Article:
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Cherylin Atcitty opened the BlueRoan Gallery in Taos, New Mexico just prior to COVID-19 spreading across the United States. While she initially planned to sell products that she and her family made, Atcitty quickly expanded the concept to include arts and craft work from other Native American creators. 

To get through the economic shock of the pandemic, BlueRoan’s strategy hinged on a combination of “strategic spending” on startup costs and growing the store’s inventory, said Atcitty, a Navajo tribal member.

“I was a new business. I didn’t have a status quo. I was adapting, I was reading books, I was taking classes and learning how I can be more diverse in my market. I really worked with my customers to find out what they really need,” Atcitty told Tribal Business News. “I really had to be very cautious and very strategic with the money I was making — being smart with my money and reinvesting it into my business.”

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The BlueRoan continues to expand as New Mexico’s art market scene slowly comes back to life. To take advantage of the reawakening industry, Atcitty wants to reach beyond the local market by adding an online component to the business and growing the advertising budget for BlueRoan.

Atcitty is making those moves after securing an investment from the Matriarch Creative Fund, a microloan program managed by Albuquerque-based nonprofit Native Women Lead. Matriarch Creative Fund selected BlueRoan as part of a new round of microloan recipients announced in December.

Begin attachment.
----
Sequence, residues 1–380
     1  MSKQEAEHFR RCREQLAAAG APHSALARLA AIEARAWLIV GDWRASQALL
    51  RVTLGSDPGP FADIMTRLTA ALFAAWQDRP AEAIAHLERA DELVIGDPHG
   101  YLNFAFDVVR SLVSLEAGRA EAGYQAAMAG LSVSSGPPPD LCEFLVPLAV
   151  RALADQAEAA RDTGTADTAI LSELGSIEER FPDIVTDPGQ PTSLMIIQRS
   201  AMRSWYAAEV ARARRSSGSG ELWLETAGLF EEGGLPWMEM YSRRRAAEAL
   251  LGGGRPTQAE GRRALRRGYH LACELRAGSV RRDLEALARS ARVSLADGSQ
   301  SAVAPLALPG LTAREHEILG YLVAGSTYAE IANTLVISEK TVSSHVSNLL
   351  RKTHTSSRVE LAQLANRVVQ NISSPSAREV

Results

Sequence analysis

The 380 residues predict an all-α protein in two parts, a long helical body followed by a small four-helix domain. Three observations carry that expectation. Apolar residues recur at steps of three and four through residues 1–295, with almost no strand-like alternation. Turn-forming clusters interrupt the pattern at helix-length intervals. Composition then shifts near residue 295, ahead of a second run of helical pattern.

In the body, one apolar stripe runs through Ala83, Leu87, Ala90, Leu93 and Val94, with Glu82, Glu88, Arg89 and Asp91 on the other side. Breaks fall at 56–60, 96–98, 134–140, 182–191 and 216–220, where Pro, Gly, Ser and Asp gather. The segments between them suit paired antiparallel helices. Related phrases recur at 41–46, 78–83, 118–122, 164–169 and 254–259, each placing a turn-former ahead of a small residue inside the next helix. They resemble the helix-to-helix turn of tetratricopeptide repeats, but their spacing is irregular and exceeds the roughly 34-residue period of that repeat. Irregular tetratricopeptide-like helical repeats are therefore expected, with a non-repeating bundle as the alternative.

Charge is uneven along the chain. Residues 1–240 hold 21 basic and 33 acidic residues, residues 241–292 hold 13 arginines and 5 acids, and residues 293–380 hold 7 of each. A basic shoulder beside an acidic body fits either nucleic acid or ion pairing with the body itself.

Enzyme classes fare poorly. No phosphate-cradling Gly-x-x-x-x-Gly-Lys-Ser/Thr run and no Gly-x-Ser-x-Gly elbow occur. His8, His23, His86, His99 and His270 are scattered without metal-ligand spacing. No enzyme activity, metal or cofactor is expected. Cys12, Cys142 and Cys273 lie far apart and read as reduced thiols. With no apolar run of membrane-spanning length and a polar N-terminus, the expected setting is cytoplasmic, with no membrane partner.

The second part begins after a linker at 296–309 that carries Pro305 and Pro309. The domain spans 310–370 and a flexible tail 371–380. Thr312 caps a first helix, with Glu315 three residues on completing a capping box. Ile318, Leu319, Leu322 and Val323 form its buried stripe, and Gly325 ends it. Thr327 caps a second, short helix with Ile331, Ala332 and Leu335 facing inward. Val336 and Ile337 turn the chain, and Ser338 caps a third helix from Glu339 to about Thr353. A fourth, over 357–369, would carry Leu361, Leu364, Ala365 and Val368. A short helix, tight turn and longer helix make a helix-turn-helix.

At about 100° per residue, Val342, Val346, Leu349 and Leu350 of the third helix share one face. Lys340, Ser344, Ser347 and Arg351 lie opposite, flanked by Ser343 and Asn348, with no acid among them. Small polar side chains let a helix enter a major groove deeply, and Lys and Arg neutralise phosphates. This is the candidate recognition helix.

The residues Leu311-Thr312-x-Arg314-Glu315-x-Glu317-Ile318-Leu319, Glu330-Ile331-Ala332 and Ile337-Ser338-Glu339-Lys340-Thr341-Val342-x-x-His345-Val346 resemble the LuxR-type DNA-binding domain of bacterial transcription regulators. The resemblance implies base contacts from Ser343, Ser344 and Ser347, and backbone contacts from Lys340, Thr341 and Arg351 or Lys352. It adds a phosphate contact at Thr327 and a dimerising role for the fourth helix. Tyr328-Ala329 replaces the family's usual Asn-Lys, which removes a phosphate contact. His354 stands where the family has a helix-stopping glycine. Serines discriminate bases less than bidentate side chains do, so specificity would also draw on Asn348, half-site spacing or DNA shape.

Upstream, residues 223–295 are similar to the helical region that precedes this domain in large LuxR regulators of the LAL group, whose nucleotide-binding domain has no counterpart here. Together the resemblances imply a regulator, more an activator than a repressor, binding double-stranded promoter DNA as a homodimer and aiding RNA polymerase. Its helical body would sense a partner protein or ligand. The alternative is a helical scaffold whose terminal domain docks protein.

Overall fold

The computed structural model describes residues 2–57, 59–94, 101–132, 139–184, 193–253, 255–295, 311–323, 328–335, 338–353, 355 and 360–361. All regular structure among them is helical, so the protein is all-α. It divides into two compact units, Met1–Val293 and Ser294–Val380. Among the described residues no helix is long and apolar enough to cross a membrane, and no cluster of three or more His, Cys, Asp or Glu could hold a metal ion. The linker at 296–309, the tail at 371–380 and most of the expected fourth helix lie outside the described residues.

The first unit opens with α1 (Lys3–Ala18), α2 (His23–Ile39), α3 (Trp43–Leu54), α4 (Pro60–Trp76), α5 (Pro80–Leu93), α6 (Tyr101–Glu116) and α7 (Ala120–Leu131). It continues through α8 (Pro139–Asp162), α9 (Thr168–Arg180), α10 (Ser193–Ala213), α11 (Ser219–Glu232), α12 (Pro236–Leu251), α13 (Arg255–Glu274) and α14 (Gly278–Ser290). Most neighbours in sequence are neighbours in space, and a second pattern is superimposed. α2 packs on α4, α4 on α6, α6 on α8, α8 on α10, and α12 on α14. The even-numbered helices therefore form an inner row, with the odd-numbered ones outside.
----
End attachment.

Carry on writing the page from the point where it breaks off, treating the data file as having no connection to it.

Atcitty plans to use the funding to secure new signage for the BlueRoan, as well as take the first steps toward building an online presence. 

“It is very beneficial,” Atcitty said of the microloan. “I needed the cash flow to expand my business. Because I was a startup, something with low interest was very helpful to me at this point.”

The program chose 20 entrepreneurs across a range of creative disciplines to receive low-interest microloans of $5,000 to $10,000 each. The funds aim to stimulate growth, covering everything from operational and supply expenses to marketing to customer retention. 

Native Women Lead administers the fund in partnership with Nusenda Credit Union and New Mexico Community Capital, providing “wrap-around support” such as technical assistance, mentorship, and financial education for members of the program.

In addition to addressing Native Americans’ lack of access to credit, the wrap-around support leads to Native women paying their loans back faster and more consistently, said Jaime Gloshay, co-director of Native Women Lead.

“Part of that is just ensuring that they have the right tools and education for them to build credit but also how to handle repayment as well,” Gloshay said. “A lot of people who get the wrap-around support pay off their loans faster than anyone else. They’re also increasing their credit scores, and they’re just getting that experience with the financial institutions.”

Gloshay said the program targeted creatives such as chefs, artists and fashion designers who have dealt with pandemic-related disruptions to sales.

“For example, Indian Market didn’t happen in 2020, and there was a little interaction in 2021, but a lot of the in-person markets haven’t started back up. This is really just helping to support entrepreneurs still in business and still growing, but who need that injection to give them a little bit of push,” Gloshay said. “We tried to time it with the holiday season so they had funds to meet holiday demand.”